Jerseys, memorabilia, and a special medal that has only ever been presented to an Irishman on one occasion are on display in Cork as part of a national tour of a football history exhibition.
The National Football Exhibition forms part of the promotion to celebrate Ireland’s hosting of matches at Euro 2020, and will be in St Peter’s Church, North Main St, until March 24.
The exhibition had its launch last night, and among the attendees was Eddie Foley — the only Irishman to have officiated at a World Cup finals.
Mr Foley has loaned the exhibition the jacket and medal he was presented with for his work at France 98, where he was part of the refereeing teams for the matches between Argentina and Japan, Belgium and Mexico, and Saudi Arabia and South Africa.
“I held onto the jacket for the past 21 years, and the FAI asked if I had anything I could give for the exhibition on tour,” he said. “It was just hanging in a wardrobe, never to be worn again so I gave it to them.”
The jacket and medal are on display in the exhibition, which features 60 years of Uefa European Championship and Irish football history. The free event hosts a range of iconic items
celebrating Ireland’s footballing history with special memorabilia from contributors and the local League of Ireland clubs at each regional venue.
The National Football Exhibition has six separate zones, designed to give attendees an overview of the history of football in Ireland, with each zone packed with memorabilia, interactive features, videos, quizzes, and the opportunity for visitors to record their own commentary for some of Ireland’s greatest goals.
Irish referees at the sport’s biggest tournament are rare. Wexford’s Michelle O’Neill will be an assistant referee at this summer’s women’s World Cup in France, having previously officiated at the 2015 World Cup in Canada.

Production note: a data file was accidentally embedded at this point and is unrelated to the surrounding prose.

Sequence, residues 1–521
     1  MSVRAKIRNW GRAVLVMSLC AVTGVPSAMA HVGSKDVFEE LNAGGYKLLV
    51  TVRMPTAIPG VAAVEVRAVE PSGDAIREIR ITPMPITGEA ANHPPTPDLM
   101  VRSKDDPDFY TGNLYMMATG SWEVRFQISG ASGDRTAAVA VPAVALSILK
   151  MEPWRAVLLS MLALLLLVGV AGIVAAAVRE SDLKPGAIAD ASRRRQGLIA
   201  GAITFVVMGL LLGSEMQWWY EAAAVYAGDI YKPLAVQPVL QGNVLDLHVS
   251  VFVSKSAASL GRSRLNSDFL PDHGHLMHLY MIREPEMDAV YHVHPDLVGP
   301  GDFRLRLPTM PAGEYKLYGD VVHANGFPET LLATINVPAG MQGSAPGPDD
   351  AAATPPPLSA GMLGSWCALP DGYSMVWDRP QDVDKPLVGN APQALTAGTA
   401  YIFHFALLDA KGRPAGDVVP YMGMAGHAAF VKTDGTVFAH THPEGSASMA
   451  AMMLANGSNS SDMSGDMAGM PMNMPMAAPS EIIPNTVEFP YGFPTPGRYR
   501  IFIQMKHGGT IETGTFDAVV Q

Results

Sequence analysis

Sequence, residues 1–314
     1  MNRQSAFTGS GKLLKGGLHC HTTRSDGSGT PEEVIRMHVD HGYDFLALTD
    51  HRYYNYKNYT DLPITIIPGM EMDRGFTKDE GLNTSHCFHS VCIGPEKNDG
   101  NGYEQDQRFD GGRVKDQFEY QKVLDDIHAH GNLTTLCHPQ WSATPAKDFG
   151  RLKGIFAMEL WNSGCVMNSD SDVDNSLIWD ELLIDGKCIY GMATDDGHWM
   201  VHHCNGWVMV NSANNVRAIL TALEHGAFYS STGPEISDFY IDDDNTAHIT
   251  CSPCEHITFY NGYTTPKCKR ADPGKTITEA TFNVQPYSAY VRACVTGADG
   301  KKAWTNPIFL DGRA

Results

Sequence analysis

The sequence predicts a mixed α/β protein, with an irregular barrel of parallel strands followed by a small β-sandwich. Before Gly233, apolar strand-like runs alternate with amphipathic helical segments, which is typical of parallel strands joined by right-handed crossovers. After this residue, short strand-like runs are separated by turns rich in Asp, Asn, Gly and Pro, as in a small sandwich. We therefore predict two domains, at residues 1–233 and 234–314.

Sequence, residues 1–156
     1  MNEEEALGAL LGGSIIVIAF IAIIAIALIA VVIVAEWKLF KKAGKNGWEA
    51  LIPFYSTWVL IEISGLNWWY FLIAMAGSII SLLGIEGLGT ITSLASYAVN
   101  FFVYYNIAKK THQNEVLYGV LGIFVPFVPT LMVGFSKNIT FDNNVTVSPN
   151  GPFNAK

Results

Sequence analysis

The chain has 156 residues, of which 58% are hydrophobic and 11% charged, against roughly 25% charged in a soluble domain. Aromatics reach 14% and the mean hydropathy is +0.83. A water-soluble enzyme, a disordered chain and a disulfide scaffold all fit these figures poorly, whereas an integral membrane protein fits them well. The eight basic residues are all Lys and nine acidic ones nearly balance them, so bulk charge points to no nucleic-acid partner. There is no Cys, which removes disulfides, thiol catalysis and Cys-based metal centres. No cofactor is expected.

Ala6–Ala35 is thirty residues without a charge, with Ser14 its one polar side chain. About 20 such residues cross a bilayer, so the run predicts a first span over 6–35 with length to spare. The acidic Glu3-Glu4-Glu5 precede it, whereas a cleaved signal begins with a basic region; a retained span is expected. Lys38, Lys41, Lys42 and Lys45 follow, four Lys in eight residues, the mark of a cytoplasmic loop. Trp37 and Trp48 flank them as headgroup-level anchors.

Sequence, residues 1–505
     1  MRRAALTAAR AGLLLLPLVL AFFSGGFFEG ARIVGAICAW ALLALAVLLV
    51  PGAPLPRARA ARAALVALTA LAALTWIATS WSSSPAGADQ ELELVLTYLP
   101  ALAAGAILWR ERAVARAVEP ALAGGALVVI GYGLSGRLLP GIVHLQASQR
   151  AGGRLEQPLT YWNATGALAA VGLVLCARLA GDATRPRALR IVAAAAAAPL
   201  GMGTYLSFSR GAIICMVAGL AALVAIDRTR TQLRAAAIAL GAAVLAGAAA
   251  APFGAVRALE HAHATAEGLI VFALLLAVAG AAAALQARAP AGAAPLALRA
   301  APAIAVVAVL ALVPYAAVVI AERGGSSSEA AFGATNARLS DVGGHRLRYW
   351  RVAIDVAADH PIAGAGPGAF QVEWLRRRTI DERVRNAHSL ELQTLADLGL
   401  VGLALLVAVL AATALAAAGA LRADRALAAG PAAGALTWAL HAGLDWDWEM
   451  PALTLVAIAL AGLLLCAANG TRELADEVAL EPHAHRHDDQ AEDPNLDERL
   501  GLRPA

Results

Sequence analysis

Mr Foley is the only Irish person to officiate at a men’s World Cup.
Starting off his career as a referee by doing a basic beginners’ course, Mr Foley rose through the ranks at the AUL before moving up through the Munster Senior League and then refereeing in the League of Ireland.
In 1995, he was appointed to an international panel as an assistant referee, and two years later his performance at the U16 European Championships in Germany caught the eye of Uefa’s refereeing committee.
“I didn’t achieve it on my own, and I had great help from others coming through the ranks,” he said. “There is no bigger occasion than a World Cup, I’d have gladly gone as a ballboy. It was a great achievement.”
The Corkman said while he ran the line in three World Cup games, the presence of star striker Gabriel Batistuta ensures that the clash between Argentina and Japan is the first match he is asked about when the subject of France 98 arises.
“He scored at my end of the pitch,” said Mr Foley. “All you want is a normal game, for it to go reasonably OK, and it did. You try to be as inconspicuous as possible.”
The exhibition has already been in Sligo, and will take in Limerick, Waterford, Donegal, Dundalk, and Galway between now and the Euro 2020 kick-off.